“Flying Machine”

22.03.2015 |

Episode #8 of the course “Inventions that changed the world and their stories”

The creation of the airplane goes back a whole century prior to the Wright brothers. Sir George Cayley, born in 1773, built a model helicopter in 1796. In 1804, he successfully designed a glider before publishing details of the foundational lessons of aeronautics. These papers first explained the idea of thrust and lift.

However, the men commonly linked with inventing the airplane are the Wright Brothers, Wilbur and Orville. The brothers followed Otto Lilienthal, a German aviator, keeping abreast of his research. Lilienthal passed in a glider accident, and the brothers were inspired to continue research in aeronautics. The brothers experimented with ideas on airplanes and flight and did laborious tests for years. One test in particular focused on the wings. Wilbur and Orville built a set of wings similar to a bird’s in the form of a movable rudder. Known as “wing warping,” this idea became the benchmark for their design. On December 17th, 1903, the brothers showcased their first plane, which was capable of controlled flight with constant speed and safe landings.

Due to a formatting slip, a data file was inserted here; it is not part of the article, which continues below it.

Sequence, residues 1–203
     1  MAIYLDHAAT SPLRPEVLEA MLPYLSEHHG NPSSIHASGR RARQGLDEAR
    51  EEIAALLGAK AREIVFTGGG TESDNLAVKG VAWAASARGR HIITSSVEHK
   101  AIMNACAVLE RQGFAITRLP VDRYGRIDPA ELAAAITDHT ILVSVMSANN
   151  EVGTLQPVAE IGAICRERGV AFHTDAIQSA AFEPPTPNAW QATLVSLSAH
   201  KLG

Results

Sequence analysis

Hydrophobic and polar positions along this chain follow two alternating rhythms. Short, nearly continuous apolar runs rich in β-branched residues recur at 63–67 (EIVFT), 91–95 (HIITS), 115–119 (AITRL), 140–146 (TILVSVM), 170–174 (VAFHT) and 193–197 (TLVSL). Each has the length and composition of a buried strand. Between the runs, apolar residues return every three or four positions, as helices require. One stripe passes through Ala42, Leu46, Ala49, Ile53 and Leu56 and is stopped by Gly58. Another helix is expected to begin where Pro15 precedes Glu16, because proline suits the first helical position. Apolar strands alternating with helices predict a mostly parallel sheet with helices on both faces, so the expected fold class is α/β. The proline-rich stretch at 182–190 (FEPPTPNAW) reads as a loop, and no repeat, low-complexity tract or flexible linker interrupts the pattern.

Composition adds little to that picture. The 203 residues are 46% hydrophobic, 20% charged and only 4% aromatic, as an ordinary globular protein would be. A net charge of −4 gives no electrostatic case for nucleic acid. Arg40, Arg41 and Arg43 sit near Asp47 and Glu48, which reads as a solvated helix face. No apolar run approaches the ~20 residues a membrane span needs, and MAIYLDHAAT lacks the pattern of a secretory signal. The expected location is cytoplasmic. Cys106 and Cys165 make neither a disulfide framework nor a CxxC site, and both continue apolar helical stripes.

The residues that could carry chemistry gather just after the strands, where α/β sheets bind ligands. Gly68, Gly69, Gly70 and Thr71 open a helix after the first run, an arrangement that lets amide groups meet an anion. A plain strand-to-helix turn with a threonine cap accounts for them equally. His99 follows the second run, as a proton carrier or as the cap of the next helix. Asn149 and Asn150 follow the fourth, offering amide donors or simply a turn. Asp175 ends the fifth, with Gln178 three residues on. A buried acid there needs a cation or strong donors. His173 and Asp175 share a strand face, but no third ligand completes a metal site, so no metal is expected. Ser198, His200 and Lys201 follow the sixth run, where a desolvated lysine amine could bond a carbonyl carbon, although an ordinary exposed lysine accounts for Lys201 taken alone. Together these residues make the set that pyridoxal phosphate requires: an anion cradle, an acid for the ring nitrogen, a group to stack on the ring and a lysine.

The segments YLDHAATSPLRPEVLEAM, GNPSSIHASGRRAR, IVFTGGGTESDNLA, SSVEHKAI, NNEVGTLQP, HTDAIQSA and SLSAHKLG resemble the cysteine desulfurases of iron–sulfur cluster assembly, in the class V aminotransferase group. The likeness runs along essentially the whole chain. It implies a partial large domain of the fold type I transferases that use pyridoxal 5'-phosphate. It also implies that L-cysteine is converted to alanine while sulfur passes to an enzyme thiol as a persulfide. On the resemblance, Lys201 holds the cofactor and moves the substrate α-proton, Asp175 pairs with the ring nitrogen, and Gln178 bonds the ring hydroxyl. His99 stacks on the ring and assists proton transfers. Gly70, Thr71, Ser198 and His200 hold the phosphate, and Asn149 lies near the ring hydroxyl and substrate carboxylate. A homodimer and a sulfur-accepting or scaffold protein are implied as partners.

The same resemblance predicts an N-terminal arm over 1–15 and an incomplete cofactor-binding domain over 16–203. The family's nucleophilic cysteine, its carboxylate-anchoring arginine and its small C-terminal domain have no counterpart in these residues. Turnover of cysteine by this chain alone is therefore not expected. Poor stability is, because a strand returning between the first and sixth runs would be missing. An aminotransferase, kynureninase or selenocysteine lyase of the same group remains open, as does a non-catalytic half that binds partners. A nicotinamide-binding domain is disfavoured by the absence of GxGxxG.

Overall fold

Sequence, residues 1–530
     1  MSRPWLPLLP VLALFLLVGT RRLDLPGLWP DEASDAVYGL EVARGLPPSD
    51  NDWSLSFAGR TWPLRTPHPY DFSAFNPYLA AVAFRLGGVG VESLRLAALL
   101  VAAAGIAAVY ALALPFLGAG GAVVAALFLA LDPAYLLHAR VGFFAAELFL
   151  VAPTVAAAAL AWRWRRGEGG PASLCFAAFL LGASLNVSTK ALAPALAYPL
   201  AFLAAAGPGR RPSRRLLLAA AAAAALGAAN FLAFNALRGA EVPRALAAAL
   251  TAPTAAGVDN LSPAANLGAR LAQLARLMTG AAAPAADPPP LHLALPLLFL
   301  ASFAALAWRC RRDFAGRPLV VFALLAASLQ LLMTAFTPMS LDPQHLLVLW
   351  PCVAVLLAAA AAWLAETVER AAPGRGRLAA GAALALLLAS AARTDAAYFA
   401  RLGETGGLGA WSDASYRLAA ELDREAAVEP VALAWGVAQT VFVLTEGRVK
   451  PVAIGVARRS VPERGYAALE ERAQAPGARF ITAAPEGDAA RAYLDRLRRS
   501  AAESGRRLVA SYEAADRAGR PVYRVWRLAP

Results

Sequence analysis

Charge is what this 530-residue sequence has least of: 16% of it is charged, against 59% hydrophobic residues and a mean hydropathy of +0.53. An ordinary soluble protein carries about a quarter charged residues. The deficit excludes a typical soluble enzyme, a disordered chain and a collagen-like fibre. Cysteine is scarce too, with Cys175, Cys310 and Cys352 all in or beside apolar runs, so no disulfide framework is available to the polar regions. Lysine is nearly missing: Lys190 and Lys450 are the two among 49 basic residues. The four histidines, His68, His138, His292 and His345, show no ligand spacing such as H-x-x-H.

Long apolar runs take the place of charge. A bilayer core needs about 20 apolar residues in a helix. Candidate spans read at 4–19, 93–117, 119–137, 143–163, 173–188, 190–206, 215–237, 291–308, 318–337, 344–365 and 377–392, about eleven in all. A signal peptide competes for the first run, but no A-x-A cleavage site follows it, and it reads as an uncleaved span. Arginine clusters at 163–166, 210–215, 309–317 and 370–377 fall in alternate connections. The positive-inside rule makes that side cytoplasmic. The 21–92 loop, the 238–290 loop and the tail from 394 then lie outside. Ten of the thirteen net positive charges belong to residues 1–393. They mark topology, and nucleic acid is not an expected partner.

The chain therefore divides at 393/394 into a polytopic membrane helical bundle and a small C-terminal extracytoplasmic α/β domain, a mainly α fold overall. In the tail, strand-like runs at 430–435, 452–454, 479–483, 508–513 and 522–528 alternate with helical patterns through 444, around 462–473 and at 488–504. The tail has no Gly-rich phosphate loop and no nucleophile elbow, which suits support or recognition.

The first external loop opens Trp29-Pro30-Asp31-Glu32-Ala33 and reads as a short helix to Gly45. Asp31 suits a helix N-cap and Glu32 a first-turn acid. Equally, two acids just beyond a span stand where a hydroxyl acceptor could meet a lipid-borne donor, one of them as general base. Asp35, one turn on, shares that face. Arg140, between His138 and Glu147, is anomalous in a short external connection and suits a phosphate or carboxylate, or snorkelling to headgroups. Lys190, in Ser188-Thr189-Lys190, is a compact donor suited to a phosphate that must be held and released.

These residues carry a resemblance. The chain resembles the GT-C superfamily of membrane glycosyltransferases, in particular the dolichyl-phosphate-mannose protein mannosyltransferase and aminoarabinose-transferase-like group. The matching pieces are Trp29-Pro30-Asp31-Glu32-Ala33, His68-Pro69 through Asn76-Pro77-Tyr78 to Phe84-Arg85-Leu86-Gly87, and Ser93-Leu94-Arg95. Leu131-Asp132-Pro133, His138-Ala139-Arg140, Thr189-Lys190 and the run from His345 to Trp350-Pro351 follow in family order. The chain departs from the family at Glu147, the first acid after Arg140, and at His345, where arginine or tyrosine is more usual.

For their research, the brothers photographed every prototype and persuaded a bystander to capture Orville in flight. The “flying machine,” as it was dubbed, could operate about ten feet high for a distance of 120 feet in just 12 seconds. The brothers accomplished two more successful flights later that day. Their success encouraged the brothers to call their father to tell him to get the press involved quickly. Sadly, their claims were widely dismissed by most of the media, so Wilbur traveled to Europe tell other people about their success. Finally, the news of the “flying machine” was accepted, and worldwide acclaim and recognition of the marvelous work followed.


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